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Pundits have said time and again that Israel is weathering the global economic crisis well. But the sober truth is that Israel's revenues from taxes fell dramatically in the year 2008 against preliminary estimates, due to the impact of the worldwide economic travails.

Israel ended 2008 with a deficit of NIS 15.2 billion, the Finance Ministry reported yesterday, which is equivalent to 2.1% of Israel's gross domestic product. Without the financial crisis that mushroomed into a full-blown planet-wide economic meltdown, Israel wouldn't have run a deficit.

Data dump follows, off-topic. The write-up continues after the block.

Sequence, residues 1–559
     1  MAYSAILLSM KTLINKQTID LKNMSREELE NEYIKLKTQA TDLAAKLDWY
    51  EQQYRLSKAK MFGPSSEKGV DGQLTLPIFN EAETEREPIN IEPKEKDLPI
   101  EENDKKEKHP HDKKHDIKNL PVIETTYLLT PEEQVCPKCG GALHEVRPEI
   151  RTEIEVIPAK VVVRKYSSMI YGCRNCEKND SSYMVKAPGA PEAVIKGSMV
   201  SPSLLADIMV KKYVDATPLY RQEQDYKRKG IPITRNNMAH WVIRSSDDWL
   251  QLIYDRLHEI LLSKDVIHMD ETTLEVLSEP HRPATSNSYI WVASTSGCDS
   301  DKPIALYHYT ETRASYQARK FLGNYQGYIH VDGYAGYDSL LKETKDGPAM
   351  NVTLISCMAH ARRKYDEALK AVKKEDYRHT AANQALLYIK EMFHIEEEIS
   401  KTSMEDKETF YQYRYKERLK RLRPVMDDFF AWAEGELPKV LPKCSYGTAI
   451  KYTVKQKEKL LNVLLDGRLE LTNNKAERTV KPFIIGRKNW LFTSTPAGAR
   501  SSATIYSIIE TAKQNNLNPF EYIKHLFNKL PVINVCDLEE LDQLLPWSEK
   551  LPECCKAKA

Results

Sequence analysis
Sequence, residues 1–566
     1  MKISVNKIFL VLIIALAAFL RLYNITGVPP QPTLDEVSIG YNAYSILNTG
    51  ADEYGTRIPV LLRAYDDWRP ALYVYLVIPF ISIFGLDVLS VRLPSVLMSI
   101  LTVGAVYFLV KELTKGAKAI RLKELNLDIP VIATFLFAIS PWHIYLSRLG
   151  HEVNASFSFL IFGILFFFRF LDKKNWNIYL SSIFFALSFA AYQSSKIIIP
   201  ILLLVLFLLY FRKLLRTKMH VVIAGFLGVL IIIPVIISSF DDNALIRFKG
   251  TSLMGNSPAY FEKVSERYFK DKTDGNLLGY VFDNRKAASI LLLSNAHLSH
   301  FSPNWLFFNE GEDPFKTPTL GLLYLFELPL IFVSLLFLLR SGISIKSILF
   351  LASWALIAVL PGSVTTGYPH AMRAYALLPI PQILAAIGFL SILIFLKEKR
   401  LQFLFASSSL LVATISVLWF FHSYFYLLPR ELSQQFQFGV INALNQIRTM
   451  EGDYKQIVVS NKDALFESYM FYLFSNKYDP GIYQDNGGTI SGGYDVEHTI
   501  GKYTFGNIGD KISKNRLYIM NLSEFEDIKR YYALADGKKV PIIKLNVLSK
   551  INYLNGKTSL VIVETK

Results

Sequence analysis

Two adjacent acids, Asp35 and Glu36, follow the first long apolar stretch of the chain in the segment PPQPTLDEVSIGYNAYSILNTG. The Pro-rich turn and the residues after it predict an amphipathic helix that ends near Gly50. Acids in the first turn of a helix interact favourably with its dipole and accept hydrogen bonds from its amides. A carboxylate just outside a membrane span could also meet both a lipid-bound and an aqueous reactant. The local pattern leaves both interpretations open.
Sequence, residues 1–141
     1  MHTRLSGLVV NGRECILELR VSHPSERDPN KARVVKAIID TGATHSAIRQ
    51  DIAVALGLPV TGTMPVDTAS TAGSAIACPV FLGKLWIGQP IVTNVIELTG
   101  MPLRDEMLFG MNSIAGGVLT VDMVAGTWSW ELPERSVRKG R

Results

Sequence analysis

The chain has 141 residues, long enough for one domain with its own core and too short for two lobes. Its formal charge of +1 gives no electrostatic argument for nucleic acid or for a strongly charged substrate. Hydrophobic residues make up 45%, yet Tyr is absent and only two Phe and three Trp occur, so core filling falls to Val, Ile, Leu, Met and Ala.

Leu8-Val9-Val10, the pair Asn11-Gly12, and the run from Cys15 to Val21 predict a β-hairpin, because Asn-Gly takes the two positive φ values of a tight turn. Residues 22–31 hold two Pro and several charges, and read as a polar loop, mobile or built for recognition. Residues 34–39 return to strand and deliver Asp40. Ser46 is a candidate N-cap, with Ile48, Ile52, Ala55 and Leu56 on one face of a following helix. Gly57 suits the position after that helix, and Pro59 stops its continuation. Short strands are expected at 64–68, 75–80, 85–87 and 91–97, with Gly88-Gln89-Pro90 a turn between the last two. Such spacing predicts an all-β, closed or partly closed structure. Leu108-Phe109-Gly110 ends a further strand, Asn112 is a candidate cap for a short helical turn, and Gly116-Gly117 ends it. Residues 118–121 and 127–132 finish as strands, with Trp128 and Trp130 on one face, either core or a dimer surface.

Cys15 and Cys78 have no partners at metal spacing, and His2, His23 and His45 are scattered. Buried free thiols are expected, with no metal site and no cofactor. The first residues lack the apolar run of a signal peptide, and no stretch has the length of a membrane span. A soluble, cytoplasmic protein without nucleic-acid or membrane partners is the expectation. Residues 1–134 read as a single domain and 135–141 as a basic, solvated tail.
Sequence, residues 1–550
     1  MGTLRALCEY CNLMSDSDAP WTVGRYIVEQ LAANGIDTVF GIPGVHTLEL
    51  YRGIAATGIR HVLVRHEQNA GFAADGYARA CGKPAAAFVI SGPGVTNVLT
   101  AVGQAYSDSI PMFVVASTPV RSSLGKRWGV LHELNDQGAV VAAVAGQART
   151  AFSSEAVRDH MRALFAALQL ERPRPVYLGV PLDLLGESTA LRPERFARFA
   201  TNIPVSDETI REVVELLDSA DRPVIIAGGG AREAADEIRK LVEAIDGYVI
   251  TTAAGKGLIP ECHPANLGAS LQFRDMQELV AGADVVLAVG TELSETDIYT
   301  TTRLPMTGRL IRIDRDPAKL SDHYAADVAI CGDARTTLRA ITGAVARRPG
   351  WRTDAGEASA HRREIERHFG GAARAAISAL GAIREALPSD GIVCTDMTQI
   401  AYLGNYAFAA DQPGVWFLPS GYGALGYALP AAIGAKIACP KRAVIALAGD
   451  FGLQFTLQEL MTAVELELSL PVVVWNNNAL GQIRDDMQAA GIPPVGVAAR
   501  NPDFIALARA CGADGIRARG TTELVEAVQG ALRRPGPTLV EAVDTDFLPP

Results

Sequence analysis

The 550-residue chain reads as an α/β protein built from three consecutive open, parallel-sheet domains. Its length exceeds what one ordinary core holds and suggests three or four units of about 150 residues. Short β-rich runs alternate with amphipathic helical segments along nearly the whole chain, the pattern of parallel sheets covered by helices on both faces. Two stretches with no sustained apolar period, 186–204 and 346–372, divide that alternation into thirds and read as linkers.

Moreover, indicators are that 2009 will be a harder year in which the need for government spending will be all that much greater and in which the government will have much less to spend. The deficit is likely to burgeon in 2009 to as much as 5% of GDP or more.

The 2008 budget had been predicated on tax revenue of NIS 191 billion. In practice, the Tax Authority collected only NIS 184 billion. The drop is 7.7% in inflation-adjusted terms.

Estimated tax revenues are key to building a budget for the year. It is the basis on which the government calculates how much it can spend. A shortfall of nearly 8% is significant.

Worst-hit was income tax, which fell by a steep 14% in inflation-adjusted terms against the estimated figure for the year, falling NIS 7.9 billion short of the forecast.